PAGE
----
(1) Sustainability Problem: Water Per the UN, the Middle East and North Africa (MENA) remains one of the world’s most water-scare regions, with 17 countries considered below the water poverty line. Around 1.1M people lack reliable access to water and 2.7M live in regions where water scarcity exists for at least one month of the year.
(2) Water scarcity is an issue – analysts predict that water scarcity may contribute to future conflict in the region.
Agriculture comprises of 80% of the water usage in the MENA region; often the cultivation of crops, specifically citrus fruit in rural Morocco, has depleted the natural groundwater reserves and aquifers at a rate faster than replenishment
Seawater desalination and dams are the current tools used to address water scarcity in the region, however they come with several negative externalities
In Morocco specifically, the NGO Dar Si Hmad has partnered with German WaterFoundation to utilized their CloudFisher fog-harvesters, which use no energy, to collect up to 600L+ of drinking water per day per net*
The CloudFisher technology can withstand win speeds up to 120kph while catching water droplets in the air that (often) comply with WHO drinking water standards*
(3) Stakeholders: Stakeholders include NGOs that provide local solutions to rural farmers and villages in the MENA region. An example of this in Morocco is Dar Si Hmad for Development (NGO) connecting the CloudFisher fog-harvesters (local solution) to 16 villages in rural Morocco. Additionally, Governments and Ministers are stakeholders as “water is the lifeblood of civilizations that shape economies, as said by Reem Al-Hasimy, UAW minister of state.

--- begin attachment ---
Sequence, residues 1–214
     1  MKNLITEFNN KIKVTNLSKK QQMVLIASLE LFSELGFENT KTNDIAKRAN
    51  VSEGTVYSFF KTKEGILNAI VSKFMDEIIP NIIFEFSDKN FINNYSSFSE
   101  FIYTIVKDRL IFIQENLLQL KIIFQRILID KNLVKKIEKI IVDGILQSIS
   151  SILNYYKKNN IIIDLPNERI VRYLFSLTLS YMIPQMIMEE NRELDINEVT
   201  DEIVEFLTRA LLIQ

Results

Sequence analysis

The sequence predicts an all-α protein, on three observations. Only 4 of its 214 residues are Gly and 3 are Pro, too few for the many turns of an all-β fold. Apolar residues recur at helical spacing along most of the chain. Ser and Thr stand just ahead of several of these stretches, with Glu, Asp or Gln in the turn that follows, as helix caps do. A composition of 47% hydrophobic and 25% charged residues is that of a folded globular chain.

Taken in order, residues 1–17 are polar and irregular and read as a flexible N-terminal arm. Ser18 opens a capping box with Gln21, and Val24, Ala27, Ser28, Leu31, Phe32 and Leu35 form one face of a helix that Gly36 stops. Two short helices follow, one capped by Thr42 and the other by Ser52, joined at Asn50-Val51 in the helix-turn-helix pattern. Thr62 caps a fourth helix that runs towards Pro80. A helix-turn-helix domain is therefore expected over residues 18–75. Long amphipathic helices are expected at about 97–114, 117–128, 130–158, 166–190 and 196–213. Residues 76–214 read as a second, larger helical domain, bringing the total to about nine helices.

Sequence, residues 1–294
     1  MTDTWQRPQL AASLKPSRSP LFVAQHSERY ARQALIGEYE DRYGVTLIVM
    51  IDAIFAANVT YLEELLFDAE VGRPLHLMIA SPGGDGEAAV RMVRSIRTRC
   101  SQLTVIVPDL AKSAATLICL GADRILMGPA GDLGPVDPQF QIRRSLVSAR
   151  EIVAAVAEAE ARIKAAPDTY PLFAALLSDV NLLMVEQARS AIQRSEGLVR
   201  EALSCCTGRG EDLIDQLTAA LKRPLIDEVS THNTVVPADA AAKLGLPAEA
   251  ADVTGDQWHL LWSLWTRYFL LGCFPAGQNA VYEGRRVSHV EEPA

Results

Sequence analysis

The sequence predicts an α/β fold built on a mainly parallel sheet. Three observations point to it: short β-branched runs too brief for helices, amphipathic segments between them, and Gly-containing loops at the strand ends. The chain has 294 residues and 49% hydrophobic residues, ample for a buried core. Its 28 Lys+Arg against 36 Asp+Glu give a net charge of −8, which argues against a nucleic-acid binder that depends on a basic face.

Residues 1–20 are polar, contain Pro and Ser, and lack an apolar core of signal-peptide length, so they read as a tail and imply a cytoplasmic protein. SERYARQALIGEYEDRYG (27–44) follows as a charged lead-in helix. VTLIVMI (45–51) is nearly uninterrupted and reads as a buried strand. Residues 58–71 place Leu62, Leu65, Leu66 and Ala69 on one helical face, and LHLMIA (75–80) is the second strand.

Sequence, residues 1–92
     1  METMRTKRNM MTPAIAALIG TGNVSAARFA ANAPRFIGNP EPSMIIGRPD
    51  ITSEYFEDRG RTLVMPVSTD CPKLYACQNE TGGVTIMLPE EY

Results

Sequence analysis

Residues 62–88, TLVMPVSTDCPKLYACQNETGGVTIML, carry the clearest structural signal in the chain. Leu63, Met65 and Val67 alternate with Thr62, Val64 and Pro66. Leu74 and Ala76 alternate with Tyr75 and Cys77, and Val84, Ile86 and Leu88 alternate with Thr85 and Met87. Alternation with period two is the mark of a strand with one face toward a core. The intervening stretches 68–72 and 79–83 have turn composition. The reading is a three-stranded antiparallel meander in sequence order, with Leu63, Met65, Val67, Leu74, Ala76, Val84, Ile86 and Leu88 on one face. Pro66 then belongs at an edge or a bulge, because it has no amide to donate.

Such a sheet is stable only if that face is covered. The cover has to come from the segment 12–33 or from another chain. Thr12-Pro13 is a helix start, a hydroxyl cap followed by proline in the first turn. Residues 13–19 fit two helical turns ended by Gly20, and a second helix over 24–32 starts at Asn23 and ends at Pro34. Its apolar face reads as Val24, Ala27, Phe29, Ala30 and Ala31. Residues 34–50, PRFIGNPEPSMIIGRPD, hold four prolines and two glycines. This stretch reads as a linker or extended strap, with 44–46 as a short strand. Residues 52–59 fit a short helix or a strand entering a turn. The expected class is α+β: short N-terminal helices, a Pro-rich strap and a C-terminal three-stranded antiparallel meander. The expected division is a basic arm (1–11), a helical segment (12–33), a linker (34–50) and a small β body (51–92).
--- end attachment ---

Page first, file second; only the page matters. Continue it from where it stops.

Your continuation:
(4) Deployment/Adoption/Implementation: Given that the focus of this is to drive end-user (customer) adoption, the below does not contain steps to fix the broader water scarcity problem across MENA; additionally, influencing government will delay broader adoption but is needed to create a robust market.
Educate communities and farmers about the importance of water, specifically the importance of protecting water supplies, to help introduce good conservation habits and available technologies
Pilot the CloudFisher technology in communities, collecting data around environmental conditions (weather, air temp, etc.), water collected, time spent by community to harvest, etc.; attempt to create a business case as to what the technology actually achieves (is it time saved, money saved, lives saved, etc.)